Do I support the Montessori classroom organization that includes three "grades" of students?
    Do I support the three-year learning cycle as many learning goals are long term?
    Do I support Maria Montessori's statement that, "education is not what the teacher gives, it is a natural process spontaneously carried out by the human individual?"
    Am I prepared to participate in parent meetings and workshops to learn more about Montessori principles at school and at home?
    Do I believe in using anecdotal notes and Montessori checklists, rather than traditional, graded report cards?

    If you answer "no" to one or more of these statements please seek more information before registering in a Montessori program. If your beliefs are not reasonably similar to the underlying principles of Montessori education then your child will face confusion and uncertainty as he or she moves between home and school.
    We're putting him in the program more because of his temperament than actual book smarts (i.e. he's halfway through kindergarten and only recognizing and sounding out letters).
    You have a couple of photos that are great... you must be very good at photoshop!

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    I like the no homework part... lol
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    My wife almost (she is still considering it) pulled the trigger on getting a teaching certificate from Montessori. Waldorf has an interesting learning angle as well, both are worthy of consideration, it all depends on the child obviously. Personally after hearing for years the pluses of each program you'd be hard pressed to find better learning environments. If you have the ability to cover the longer term costs, I'd go for it.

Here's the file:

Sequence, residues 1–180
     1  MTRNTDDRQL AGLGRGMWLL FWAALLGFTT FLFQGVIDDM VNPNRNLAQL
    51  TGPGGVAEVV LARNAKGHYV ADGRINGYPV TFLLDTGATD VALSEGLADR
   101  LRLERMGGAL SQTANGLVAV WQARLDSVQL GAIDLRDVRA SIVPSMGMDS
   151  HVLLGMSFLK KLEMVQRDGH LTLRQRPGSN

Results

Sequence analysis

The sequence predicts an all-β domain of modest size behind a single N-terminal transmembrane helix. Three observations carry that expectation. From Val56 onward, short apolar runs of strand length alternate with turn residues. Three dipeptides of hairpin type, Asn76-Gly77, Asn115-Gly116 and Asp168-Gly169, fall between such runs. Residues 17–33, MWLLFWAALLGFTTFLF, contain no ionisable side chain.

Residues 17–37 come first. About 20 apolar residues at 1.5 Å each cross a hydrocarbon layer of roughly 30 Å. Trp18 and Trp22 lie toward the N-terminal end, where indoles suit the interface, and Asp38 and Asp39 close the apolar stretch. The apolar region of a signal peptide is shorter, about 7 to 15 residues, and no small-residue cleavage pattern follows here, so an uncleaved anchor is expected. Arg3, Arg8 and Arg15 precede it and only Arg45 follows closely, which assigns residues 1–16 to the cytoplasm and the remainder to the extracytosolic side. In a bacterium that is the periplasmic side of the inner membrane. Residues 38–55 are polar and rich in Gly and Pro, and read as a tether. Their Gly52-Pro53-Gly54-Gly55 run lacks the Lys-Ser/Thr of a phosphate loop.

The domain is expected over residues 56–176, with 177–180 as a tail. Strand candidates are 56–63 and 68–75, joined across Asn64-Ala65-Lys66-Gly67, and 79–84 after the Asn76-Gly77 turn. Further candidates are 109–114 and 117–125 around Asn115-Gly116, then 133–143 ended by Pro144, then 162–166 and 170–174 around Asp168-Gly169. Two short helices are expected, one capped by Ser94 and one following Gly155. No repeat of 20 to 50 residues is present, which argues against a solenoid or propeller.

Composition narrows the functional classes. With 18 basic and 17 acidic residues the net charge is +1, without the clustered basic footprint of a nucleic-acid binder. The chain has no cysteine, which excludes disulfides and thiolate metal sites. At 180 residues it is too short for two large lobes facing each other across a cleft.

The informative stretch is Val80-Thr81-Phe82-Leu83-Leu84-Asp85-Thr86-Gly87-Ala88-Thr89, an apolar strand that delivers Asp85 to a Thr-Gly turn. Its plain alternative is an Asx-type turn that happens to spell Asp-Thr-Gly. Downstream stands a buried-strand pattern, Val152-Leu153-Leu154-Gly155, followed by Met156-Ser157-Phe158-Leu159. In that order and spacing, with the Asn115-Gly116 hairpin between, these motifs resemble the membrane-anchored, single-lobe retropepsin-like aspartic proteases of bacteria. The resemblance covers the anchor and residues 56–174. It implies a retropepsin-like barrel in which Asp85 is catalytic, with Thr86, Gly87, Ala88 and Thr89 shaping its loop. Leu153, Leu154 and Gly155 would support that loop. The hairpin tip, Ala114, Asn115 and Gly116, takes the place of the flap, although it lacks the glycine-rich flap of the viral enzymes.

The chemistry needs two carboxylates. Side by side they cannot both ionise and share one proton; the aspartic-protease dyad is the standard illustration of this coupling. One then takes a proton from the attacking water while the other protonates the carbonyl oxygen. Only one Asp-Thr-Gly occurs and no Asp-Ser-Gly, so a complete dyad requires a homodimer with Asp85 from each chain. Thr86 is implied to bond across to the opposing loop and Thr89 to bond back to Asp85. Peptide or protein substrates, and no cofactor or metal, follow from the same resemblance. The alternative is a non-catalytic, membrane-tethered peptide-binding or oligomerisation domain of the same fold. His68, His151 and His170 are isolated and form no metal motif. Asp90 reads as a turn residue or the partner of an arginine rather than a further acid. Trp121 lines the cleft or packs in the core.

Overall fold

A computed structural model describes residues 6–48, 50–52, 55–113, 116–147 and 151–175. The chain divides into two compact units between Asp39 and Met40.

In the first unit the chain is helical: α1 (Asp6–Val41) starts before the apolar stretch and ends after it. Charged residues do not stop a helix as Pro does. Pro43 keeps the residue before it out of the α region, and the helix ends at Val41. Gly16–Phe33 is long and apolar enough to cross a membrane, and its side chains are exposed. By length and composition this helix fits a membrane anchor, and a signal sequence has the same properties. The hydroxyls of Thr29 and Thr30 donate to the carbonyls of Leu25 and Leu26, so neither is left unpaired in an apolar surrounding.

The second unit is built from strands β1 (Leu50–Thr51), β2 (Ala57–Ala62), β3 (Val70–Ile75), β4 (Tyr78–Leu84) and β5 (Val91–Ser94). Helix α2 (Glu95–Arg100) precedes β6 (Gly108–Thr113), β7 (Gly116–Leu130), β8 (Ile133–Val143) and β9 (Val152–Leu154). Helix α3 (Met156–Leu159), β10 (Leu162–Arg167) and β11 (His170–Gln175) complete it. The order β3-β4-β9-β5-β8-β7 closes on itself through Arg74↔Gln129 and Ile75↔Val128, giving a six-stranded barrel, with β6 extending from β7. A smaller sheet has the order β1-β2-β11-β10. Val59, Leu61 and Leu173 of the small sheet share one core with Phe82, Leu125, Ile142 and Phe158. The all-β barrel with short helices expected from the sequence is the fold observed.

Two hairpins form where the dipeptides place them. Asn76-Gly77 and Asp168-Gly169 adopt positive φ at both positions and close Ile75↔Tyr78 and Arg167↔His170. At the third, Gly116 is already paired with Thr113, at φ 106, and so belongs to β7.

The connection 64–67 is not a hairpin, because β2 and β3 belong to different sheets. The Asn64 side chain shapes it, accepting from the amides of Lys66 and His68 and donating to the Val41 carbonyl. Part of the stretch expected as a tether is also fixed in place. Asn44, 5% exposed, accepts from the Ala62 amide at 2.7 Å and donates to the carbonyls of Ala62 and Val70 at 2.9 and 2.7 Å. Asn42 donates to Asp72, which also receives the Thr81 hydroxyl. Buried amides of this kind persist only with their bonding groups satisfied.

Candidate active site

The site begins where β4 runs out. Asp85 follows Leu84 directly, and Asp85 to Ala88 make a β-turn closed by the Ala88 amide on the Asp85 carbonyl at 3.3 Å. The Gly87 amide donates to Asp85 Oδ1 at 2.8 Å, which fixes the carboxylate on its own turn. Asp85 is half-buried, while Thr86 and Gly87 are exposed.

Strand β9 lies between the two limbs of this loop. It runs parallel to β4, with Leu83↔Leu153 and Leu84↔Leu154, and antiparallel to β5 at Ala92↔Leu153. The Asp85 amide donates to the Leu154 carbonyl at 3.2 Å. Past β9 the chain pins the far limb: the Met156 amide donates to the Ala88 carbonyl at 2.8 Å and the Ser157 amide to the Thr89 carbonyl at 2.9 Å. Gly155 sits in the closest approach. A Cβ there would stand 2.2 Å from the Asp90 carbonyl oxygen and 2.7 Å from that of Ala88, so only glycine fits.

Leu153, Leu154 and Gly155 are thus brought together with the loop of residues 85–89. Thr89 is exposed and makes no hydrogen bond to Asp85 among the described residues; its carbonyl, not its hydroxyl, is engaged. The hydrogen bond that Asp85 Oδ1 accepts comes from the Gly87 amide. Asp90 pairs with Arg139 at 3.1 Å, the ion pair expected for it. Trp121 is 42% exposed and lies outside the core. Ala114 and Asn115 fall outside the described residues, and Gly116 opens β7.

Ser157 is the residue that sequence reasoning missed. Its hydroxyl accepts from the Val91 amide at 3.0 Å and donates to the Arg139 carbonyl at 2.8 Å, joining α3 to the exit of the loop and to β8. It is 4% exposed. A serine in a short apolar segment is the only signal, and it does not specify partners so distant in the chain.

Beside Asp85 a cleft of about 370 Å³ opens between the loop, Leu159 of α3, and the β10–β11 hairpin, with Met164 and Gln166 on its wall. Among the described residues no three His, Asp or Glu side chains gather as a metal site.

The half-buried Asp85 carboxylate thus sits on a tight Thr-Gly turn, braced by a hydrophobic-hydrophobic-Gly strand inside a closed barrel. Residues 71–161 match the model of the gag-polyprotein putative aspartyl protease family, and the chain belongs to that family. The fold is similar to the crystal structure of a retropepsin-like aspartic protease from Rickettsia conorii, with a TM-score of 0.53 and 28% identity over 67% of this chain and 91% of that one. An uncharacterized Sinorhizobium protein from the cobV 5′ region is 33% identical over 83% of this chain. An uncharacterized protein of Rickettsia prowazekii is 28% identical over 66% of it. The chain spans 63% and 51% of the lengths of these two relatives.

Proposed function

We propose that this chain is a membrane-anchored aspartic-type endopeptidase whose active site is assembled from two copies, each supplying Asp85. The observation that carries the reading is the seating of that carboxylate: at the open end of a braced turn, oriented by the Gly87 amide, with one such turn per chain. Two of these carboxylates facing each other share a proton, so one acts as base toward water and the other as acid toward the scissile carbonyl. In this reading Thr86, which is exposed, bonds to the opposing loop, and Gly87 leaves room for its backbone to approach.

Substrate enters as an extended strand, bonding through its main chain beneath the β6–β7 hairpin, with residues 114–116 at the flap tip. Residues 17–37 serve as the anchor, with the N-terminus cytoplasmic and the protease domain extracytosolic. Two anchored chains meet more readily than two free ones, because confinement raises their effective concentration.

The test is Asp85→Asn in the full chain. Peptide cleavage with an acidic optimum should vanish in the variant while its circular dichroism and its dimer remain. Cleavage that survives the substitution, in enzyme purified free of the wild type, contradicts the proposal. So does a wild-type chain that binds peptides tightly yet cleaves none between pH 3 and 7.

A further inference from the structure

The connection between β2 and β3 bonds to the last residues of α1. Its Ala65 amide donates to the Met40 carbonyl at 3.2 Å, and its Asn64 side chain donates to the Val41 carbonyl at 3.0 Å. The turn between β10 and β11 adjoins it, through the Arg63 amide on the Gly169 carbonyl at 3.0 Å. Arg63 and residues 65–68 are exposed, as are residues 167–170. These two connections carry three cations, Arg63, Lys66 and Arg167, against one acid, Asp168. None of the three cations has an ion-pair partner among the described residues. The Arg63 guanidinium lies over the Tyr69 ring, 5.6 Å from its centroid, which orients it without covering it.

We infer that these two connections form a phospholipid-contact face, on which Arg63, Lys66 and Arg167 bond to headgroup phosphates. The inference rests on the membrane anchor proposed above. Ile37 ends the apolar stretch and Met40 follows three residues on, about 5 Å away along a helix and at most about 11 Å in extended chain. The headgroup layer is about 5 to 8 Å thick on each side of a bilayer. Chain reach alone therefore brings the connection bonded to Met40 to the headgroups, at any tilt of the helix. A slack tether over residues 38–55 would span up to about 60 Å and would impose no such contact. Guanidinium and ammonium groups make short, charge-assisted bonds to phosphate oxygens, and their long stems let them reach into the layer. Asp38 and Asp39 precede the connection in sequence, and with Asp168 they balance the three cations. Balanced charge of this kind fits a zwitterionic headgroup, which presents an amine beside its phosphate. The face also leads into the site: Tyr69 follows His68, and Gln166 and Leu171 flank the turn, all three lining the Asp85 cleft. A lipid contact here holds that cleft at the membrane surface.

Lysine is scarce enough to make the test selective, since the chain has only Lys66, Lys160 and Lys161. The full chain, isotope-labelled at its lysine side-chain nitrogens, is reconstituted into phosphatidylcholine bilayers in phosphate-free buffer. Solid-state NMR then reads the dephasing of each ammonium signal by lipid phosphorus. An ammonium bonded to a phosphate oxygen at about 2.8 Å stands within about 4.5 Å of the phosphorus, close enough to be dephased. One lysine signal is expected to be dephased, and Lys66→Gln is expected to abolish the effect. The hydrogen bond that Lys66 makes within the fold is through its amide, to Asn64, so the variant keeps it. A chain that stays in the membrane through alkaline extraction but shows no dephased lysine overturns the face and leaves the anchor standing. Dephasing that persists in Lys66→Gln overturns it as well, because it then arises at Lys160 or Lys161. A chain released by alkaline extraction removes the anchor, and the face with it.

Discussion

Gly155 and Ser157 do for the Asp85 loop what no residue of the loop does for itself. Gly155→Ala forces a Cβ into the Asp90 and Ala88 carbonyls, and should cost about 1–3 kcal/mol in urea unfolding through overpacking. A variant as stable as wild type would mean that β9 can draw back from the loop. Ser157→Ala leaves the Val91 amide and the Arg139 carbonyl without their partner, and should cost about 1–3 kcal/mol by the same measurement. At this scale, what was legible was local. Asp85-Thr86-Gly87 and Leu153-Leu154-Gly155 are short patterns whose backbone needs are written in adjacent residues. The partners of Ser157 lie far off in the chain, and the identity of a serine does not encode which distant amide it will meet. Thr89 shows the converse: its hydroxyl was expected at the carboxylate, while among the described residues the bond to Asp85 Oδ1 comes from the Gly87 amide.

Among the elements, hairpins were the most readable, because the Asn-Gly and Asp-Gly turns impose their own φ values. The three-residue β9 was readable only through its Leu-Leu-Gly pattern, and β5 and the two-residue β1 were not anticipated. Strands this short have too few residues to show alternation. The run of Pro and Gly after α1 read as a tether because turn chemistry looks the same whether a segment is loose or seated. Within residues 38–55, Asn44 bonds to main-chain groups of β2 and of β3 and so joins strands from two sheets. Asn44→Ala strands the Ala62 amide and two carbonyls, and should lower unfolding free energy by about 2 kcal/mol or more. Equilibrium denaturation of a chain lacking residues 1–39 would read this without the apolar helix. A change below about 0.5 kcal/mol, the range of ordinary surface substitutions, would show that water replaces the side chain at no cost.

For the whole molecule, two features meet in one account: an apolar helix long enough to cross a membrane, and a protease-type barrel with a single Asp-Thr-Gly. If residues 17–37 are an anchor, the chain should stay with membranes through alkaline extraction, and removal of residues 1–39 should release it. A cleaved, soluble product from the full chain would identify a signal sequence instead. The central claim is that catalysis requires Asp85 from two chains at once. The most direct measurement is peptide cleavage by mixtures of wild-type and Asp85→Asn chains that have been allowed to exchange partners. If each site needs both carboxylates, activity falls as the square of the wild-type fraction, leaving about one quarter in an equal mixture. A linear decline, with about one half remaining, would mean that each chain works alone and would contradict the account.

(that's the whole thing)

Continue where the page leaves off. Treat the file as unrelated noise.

Montessori educated people you have heard of:

    http://www.dailymontessori.com/monte...ucated-people/

    Waldorf educated:

    http://www.diewaldorfs.waldorf.net/list.html
    Last edited by CanmoreOrLess; 01-29-2013 at 10:23 AM.

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    Perfect example of what I was talking about with Waldorf. The majority of the list is people in the arts.

    Montessori has some technical and business people.
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    If I'm not mistaken, you live pretty close to Webber, don't you (see your C all the time)?
    My daughter is/was like your son, she excels in language development. From my own experience I noticed that a kid needs to be mature enough to organize her thoughts and articulate those via words and vocabs as well. I'm assuming your kid is a bit more mature than his friends around him.

    I don't know if Webber attracts parents whose kids tend to be more mature, or if they do run a pretty good program. Most of the kids I see in JK and K are very well behaved and they are goal oriented.

    So before you put down a deposit on your E63S, go to their open house and check it out.